Charles Schwab: 3 Pitfalls to Avoid When Withdrawing from a Portfolio
During the push to save money for long-term goals – be it retirement or a summer home – investors get a lot of advice. But when it comes to withdrawing money to bankroll those goals, mistakes abound. In fact, according to The Charles Schwab Corporation (SCHW), there are some big mistakes – from withdrawing funds all at once to dropping the ball on other goals.
Take withdrawing the money all at once for starters. According to the San Francisco-based discount broker, depending on the amount of money a saver is looking to withdraw, it may make more sense to break it up over several years to avoid a big tax hit. Robert Aruldoss, a senior financial planning research analyst at the Schwab Center for Financial Research, said in a post that selling sizeable assets in one calendar year versus spreading sales out over two or more years can increase your taxable income and even push you into a higher tax bracket. "If you're near the upper end of your tax bracket, withdrawing a large amount of capital across several years can shave percentage points off your tax bill," Aruldoss said. To see more about what Charles Schwab offers customers, check out the Charles Schwab review.
Another big mistake investors make when withdrawing large sums is going to great lengths to avoid selling any investments at a loss. Loss aversion drives many investors and often results in investors ignoring underperforming investments. While losses are hard to stomach for all sorts of people, Aruldoss said that it would help with the tax bill, particularly when you are withdrawing large sums. Known as tax-loss harvesting, this happens when investors pair a losing stock with a winning one. By doing that, investors can offset capital gains, resulting in less taxes owed to Uncle Sam.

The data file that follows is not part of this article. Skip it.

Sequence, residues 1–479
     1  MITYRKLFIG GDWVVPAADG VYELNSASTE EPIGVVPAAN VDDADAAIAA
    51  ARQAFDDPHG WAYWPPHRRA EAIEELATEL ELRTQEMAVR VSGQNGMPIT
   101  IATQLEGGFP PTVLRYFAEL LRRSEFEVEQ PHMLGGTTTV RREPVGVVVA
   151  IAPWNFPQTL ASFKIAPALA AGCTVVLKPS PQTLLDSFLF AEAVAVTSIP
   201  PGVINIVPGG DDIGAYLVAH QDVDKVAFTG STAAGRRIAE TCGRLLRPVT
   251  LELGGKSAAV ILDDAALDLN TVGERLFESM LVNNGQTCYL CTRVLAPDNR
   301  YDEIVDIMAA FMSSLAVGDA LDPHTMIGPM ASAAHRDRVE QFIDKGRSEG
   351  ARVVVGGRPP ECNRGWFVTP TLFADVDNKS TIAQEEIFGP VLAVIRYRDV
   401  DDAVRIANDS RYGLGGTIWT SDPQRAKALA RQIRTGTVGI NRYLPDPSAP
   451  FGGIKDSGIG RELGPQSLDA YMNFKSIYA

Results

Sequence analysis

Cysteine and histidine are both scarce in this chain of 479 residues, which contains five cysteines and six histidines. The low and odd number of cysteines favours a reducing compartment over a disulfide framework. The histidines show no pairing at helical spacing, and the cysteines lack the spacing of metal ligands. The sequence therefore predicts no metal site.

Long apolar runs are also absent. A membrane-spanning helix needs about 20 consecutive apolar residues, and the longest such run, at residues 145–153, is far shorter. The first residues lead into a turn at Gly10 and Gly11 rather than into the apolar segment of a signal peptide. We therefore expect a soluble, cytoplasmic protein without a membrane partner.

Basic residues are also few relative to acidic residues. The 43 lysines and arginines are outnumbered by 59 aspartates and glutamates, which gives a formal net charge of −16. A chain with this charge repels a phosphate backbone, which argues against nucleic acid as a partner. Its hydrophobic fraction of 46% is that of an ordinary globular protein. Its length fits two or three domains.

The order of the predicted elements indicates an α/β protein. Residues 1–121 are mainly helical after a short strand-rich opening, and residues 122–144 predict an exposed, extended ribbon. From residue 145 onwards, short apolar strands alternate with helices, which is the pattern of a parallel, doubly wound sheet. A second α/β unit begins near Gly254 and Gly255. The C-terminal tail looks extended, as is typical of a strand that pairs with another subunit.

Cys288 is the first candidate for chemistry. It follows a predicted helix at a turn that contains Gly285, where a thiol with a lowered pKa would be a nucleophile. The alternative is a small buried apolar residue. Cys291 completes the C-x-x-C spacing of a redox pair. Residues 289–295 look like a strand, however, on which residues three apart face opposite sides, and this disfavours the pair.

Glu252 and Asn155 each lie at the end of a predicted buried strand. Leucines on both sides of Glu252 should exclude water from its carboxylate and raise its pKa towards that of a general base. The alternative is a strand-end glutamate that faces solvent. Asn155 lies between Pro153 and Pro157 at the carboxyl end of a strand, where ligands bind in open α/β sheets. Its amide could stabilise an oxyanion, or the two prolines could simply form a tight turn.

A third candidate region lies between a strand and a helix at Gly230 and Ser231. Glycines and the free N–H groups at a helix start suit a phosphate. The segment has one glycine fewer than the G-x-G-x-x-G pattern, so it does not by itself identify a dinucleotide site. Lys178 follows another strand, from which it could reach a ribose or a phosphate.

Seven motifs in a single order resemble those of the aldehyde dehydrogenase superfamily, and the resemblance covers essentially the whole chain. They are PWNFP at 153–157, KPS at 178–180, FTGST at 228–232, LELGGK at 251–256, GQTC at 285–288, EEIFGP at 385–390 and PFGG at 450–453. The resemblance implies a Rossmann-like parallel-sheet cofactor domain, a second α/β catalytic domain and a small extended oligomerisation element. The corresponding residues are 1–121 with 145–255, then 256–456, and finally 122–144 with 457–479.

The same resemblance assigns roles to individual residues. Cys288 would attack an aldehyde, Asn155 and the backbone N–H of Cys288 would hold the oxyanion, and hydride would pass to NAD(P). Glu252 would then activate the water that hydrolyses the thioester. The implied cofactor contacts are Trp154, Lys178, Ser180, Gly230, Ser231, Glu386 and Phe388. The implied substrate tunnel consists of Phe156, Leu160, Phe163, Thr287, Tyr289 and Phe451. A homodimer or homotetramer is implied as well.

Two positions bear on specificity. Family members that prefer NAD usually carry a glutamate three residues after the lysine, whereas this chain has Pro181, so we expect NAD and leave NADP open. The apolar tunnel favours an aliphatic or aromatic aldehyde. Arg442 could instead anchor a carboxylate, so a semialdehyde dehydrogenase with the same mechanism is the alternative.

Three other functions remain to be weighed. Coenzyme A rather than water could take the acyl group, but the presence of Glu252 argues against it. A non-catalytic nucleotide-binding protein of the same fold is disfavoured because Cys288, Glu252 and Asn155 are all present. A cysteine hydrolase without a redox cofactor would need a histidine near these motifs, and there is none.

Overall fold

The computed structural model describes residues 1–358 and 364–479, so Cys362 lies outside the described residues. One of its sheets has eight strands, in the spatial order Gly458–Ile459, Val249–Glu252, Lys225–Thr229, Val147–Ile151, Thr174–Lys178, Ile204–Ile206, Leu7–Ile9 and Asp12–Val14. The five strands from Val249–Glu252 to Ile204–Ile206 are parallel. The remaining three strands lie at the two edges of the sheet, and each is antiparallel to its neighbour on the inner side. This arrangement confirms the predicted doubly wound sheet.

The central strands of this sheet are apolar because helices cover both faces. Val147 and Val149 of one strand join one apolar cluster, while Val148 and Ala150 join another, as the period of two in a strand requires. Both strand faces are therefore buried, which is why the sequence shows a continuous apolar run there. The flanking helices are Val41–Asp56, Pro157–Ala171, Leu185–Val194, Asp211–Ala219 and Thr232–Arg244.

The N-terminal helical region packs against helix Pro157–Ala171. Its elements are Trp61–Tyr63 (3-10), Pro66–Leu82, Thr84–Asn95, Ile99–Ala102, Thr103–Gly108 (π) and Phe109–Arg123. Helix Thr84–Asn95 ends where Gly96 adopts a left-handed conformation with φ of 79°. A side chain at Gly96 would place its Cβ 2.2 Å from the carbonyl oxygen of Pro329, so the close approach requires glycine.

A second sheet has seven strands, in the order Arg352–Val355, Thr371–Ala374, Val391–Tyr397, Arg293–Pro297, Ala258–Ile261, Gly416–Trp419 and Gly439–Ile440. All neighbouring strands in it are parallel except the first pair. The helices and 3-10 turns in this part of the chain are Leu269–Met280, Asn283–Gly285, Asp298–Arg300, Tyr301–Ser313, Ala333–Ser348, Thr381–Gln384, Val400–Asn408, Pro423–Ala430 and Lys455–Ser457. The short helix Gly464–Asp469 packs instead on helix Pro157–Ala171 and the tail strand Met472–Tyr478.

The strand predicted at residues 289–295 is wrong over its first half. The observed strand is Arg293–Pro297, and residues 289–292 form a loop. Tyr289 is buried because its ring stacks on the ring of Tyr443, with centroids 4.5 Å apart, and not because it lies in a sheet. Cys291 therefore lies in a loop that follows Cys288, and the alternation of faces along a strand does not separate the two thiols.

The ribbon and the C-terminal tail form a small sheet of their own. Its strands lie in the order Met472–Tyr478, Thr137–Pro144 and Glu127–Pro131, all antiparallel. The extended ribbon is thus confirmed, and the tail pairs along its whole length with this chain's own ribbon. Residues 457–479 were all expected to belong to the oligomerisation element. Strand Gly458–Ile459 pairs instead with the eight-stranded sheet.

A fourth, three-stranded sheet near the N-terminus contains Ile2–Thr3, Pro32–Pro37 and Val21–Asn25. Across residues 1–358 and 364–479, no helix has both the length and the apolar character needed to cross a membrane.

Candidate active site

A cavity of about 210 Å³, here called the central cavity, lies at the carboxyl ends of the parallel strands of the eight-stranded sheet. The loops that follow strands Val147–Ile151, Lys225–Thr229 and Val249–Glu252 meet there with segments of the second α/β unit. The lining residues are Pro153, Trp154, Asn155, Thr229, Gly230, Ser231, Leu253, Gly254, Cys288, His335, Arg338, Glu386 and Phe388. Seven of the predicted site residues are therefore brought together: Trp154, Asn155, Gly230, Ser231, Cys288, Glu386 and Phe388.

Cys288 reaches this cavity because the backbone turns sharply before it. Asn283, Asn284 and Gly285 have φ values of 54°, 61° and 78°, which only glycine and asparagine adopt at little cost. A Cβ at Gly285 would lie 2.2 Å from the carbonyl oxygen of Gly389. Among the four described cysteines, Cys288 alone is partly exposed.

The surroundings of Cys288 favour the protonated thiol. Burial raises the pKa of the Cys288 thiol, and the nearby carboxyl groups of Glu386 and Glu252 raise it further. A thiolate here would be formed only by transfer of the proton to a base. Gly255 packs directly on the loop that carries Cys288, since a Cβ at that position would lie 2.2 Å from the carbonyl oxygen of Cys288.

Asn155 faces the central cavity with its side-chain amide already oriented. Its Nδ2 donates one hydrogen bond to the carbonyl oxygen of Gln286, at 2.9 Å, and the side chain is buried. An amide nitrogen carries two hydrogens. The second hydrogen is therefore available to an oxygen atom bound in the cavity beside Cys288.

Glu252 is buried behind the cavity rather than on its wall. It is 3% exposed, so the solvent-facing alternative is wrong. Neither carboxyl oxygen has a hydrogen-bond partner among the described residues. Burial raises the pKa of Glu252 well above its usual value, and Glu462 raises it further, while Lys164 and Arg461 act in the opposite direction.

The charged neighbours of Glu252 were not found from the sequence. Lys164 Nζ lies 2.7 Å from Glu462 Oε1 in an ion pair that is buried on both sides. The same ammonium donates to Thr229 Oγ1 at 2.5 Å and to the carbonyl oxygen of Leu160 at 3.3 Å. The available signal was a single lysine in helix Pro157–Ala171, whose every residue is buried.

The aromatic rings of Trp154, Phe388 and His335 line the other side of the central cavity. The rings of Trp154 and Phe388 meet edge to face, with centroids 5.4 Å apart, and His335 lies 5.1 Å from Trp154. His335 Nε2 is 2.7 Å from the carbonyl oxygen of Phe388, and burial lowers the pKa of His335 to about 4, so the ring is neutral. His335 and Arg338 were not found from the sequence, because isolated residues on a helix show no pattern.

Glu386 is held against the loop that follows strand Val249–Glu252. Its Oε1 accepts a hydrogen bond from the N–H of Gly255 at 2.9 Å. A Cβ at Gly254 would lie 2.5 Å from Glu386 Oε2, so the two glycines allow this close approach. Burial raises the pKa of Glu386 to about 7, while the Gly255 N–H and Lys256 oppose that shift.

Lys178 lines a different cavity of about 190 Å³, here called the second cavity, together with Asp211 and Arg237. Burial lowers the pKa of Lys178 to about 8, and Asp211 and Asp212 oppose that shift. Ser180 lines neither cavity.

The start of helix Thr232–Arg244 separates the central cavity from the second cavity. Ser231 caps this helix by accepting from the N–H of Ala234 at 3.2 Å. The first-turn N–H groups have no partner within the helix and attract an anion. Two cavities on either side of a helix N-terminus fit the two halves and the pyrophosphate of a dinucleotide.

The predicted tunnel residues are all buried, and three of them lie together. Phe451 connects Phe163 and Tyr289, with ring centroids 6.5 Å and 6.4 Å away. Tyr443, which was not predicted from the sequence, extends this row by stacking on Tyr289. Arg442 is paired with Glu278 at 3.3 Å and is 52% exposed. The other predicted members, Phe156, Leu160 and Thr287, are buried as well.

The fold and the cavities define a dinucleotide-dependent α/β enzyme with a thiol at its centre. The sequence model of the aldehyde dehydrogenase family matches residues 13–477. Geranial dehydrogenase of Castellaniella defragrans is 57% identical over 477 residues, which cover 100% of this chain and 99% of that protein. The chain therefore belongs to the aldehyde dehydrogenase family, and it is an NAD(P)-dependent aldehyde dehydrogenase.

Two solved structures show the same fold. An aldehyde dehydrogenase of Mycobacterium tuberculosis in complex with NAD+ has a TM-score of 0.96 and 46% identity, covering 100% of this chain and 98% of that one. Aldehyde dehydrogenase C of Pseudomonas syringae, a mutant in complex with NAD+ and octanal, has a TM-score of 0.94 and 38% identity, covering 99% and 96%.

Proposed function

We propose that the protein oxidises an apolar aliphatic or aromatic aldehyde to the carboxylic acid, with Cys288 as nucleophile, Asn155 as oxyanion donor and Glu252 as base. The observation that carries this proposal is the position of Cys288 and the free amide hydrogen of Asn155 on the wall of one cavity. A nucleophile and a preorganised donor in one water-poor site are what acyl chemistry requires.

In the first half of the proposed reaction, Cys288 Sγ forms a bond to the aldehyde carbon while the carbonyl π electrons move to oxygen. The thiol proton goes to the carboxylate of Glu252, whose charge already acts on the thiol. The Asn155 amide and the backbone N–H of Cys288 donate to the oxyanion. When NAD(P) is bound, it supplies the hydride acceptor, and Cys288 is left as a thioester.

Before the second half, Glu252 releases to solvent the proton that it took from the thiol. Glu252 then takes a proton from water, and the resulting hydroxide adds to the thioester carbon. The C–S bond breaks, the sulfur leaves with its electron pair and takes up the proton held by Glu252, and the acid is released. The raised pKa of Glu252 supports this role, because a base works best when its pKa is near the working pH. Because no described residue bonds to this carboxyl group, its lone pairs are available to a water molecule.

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What's more, Aruldoss said that investors withdrawing a lot from their portfolio should use the time to rebalance their investments. "As withdrawals and market fluctuations alter the proportions of your portfolio holdings, your asset allocation may stray from its target," he said, noting that this could cause some investments to be overweight while others may end up underweight.
A final big mistake that many investors who have reached a goal make is to neglect their other plans as they withdraw money. According to Aruldoss, while it is easy to lose sight of an investment plan when a major milestone is reached, it is not the time to relax. Investors have to ensure that their overall finances are still in order, particularly if they are still saving for their retirement. "The money you were putting away to reach the goal you just achieved can now be reallocated to help you meet other ones," Aruldoss said. "Very few people save and invest just to have a big portfolio to admire. For most of us, reaching our goals means eventually spending the money or leaving it to our heirs. That's really what it's all about."